Political campaigns

Stop donating to political campaigns

A stack of $100 bills. During the election frenzy, candidates and their respective parties do their best to collect monetary donations from voters. Photo by John Guccione/Pexels

We all like to feel needed — that is, until New York Senator Chuck Schumer texts you to donate to his Senate campaign near Election Day.

As a veteran of electoral politics since high school, I vividly remember the electricity in the atmosphere during election season across the United States. Through dozens of hours of canvassing, phone calls and texts, voter registration campaigns and meetings with local and state politicians, I will forever appreciate the personal significance that contributing to a campaign policy at any regional scale can have for those who are intensely invested. inside. I was frozen in the local pizzeria, surrounded by fellow campaign volunteers and staff equally trapped in biting anticipation as we watched the election results climb in real time on a Tuesday evening. And as social media and the attendant crises of climate change, attacks on LGBTQ+ and reproductive rights, right-wing election conspiracy theories and the rising cost of living make politics more engaging and alarming, more of people of all ages will mobilize their time and resources. to campaigns that reflect their values.

This midterm election season, which falls between the general presidential election season, Democratic and Republican candidates and their party organizations have multiplied to engage voters with their respective platforms or by taking advantage of the antipathy of the electorate towards the opposing party. During the election frenzy, the two main parties will do their best to recruit as many volunteers as possible – and as you’ve probably seen endlessly through YouTube ads, spam emails and mass text messages – collect donations. Speaking purely from experience, it’s appealing, even comforting, to think that contributing your labor and money to a campaign makes you part of the change – an active agent in the dense and seemingly impenetrable political process. And while there is a grain of truth to this depending on your class position and aspirations, I argue that there are tangible and effective ways to improve your community and impact politics. which are far more worthwhile than giving your labor or your money to your political party organizing machine. Instead, come the next election cycle, give your wallet or door-to-door shoes a much-needed refresh and get involved in direct action.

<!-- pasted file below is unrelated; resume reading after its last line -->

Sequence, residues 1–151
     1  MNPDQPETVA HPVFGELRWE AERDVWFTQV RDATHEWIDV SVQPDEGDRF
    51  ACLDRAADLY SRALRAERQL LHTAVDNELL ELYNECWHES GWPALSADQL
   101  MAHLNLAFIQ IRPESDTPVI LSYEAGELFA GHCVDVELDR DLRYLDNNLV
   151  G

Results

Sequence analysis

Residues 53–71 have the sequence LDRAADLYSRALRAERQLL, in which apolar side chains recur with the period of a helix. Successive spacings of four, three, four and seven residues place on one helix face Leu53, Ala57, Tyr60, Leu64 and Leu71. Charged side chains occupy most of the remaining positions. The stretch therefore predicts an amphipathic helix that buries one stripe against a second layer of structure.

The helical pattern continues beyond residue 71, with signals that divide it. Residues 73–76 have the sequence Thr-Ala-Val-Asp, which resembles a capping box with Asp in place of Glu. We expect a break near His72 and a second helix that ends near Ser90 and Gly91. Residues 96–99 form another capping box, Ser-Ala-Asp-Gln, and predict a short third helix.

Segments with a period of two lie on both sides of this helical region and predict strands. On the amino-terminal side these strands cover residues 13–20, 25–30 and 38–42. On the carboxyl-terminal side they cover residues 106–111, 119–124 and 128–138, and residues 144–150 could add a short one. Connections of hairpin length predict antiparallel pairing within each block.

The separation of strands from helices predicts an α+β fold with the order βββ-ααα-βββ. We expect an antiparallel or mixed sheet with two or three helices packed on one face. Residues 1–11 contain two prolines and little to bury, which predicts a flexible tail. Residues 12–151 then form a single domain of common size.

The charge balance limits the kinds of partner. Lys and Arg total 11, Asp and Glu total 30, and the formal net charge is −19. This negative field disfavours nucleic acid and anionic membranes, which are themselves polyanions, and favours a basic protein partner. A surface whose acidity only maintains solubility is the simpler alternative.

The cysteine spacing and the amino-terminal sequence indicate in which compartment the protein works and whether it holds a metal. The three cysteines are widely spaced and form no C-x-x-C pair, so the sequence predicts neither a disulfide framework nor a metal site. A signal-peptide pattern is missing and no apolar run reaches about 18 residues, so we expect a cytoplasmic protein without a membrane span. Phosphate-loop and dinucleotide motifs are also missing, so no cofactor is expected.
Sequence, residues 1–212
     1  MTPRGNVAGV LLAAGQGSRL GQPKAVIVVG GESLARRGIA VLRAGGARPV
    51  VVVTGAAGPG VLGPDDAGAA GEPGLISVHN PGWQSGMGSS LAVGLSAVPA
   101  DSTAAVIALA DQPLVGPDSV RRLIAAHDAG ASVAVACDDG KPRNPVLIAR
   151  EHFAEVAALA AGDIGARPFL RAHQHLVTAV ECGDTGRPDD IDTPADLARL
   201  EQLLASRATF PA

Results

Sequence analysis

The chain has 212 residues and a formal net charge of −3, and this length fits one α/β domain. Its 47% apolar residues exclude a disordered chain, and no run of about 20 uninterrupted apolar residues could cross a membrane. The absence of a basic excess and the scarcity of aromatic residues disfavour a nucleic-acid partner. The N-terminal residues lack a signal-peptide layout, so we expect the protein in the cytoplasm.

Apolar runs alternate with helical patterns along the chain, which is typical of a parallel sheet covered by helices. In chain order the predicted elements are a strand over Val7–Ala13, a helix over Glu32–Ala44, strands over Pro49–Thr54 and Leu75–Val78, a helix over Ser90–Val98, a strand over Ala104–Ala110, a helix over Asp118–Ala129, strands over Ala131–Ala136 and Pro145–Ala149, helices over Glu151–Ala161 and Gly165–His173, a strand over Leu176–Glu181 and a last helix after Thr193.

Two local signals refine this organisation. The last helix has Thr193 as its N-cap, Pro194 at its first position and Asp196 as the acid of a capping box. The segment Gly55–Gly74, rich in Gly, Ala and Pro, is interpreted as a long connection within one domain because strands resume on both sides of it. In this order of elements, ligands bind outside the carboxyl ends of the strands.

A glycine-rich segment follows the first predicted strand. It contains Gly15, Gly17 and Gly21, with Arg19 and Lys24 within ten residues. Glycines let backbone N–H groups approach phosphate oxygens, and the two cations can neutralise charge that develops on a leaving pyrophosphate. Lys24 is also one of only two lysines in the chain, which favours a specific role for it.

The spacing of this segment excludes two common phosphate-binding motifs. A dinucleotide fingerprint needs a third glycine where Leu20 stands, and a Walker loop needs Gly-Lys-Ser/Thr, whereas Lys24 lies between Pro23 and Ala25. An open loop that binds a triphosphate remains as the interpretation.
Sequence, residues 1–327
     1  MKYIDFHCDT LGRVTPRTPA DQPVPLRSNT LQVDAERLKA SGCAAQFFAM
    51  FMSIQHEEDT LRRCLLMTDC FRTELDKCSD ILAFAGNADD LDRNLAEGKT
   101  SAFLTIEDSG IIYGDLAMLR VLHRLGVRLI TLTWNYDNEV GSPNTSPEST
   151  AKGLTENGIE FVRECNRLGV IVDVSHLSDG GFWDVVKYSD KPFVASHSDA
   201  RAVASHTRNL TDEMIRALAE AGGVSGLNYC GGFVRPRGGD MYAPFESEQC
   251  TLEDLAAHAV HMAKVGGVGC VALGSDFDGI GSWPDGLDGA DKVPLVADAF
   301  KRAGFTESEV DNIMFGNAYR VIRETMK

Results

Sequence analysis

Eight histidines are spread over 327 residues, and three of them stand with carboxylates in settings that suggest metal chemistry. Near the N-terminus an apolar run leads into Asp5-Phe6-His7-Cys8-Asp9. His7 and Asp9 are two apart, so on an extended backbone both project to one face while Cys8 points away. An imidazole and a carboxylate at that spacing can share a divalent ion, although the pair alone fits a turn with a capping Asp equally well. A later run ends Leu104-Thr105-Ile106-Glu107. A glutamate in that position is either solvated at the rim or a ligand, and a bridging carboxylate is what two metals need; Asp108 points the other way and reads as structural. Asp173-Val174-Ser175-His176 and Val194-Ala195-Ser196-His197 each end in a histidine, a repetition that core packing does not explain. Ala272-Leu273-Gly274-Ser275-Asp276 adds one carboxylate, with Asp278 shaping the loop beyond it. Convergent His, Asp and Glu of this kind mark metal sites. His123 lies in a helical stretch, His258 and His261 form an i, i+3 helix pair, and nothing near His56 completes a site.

Direct action is a common term embraced by political actors, from animal rights activists to the Reverend Dr. Martin Luther King Jr., used to describe the immediate action we can take to improve local conditions in our environment, face personalities in positions of power or otherwise. rapid political change. Direct action can range from a demonstration to the payment of bail for an arrested person; from running a mutual aid table to forming a human blockade to prevent an eviction; from civil disobedience to very uncivil. However it is carried out, good direct action should bring to the forefront of our political imagination the fact that all political institutions are run by people through day-to-day functions, and this is precisely the area where we have the power to protect and uplift our communities. As a reminder, we trust elected officials to implement policies that we could very well do ourselves through direct action and mutual aid.

Since the Democratic and Republican parties each have “war chests” of over a billion dollars, not even taking into account the hundreds of millions of dollars donated to their ancillary organizations such as the Democratic and Republican National Committees, the necessities of basics such as groceries and housing are becoming increasingly unaffordable, prompting tenants to take action. The current Democratic consensus of letting corporations drive up costs while their profits outstrip them by hundreds and Republican dreams of savagely anti-poor austerity measures do not meet the needs of the working class, and few political campaigns offer meaningful solutions, opting instead for partisan loyalty. Voters, especially progressives, would be in a much better position to use their resources for direct actions that alleviate food and housing insecurity, such as mutual aid and tenant union campaigns, than to donate to a campaign. whose commitments will likely be stalled by a political stalemate.

It would be remiss of me not to address the concern that failure to contribute to political campaign war chests not only benefits the opposition party, but increases the dependence of these campaign organizations on vis-à-vis business financing. This is an understandable concern given the grim capitalist reality of American electoral politics; however, it ignores the fact that direct action inherently requires a political organization and a political platform. Giving more resources to community organizations and self-help initiatives may not allow email outreach and paid volunteers, but it does enable face-to-face conversations with community members who are impacted by social and economic policies. elected officials. Politically charged direct action allows those who benefit from it to make informed decisions if they choose to vote; after all, a message about mutually beneficial direct action speaks louder than a 30-second YouTube ad. Direct action does not require organizers to endorse or subordinate themselves to the hegemonic two-party system. On the contrary, politicizing direct action and your interactions with marginalized members of the community solidifies an organization independent of partisan politics that can lobby local governments, interface with other like-minded groups, and be one of many nodes that spare a counter-hegemonic movement.